The Wild Animal Sanctuary Visit
On September 10, 2022, the Animal Law Program and Jessica Blome visited The Wild Animal Sanctuary. Currently, there are over 25,000 tigers, lions, wolves, bears and other large carnivores living outside of the United States zoo system. These animals can be found in people's apartments, basements, garages, backyards, roadside zoos, and other unnatural places. The Wild Animal Sanctuary specializes in rescuing and caring for these large predators. During our visit, students learned about the residents and the situations that brought them to the Sanctuary.
Luvin Arms Animal Sanctuary Visit
Animal photojournalist and We Animals Media founder Jo-Anne McArthur visited the University of Denver as a Distinguished Practitioner in Residence September 24–30, 2022. She kicked off her visit on September 25 with a trip to Luvin Arms Animal Sanctuary to take photographs and learn about its residents.
Animals in the Anthropocene: A Journey with Jo-Anne McArthur into Animal Photojournalism
On September 27, 2022, Jo-Anne McArthur took us on a journey through animal photojournalism. During her discussion, she covered the history of this field and described how she documents our complex relationship with animals around the globe. Her latest book, HIDDEN: Animals in the Anthropocene, was awarded "Photography Book of the Year" by Pictures of the Year International. She is also the founder of We Animals Media, the world's leading animal photojournalism agency whose mission is to document the stories of animals in the human environment and to connect those stories to the individuals and organizations who can amplify their reach.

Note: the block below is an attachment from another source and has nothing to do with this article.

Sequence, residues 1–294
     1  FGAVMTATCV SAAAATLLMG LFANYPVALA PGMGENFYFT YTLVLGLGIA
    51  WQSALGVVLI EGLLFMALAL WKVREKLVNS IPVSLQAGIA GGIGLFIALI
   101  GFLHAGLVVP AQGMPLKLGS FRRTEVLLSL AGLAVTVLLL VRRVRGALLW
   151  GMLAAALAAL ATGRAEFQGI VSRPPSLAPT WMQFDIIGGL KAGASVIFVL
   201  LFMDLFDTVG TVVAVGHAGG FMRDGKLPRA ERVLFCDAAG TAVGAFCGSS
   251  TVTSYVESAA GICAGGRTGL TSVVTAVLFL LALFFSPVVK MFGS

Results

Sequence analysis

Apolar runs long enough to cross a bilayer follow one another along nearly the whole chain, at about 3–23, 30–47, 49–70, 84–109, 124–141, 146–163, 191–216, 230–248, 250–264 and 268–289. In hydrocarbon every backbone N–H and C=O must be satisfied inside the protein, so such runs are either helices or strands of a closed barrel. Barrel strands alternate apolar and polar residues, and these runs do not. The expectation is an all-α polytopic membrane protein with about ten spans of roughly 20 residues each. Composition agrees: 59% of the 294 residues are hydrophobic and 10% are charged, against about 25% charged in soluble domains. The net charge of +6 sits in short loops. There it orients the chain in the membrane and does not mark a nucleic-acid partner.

Lunchtime Animal Law Career Talk with Alex Cerussi
On October 26, 2022, we hosted Alex Cerussi for our Lunchtime Animal Law Career Talk series. Alex discussed her current work as a State Policy Manager for Mercy for Animals' Government Affairs and Public Policy team. She also described what inspired her animal law journey and offered students advice for pursuing a similar path.
Racial Equity and Animal Law
On November 2, 2022, Akisha Townsend Eaton discussed how racial, economic, and environmental justice are often viewed as tangential rather than an essential part of a sustainable animal advocacy movement. Her discussion provided a basic overview of how these issues are critically connected and interdependent. An emphasis was placed on the human and animal well-being movement as it applies to humans and companion animals. However, the themes covered could easily extend to many other areas of animal advocacy.
Colorado Wolf Reintroduction: Implementing Voters' Intent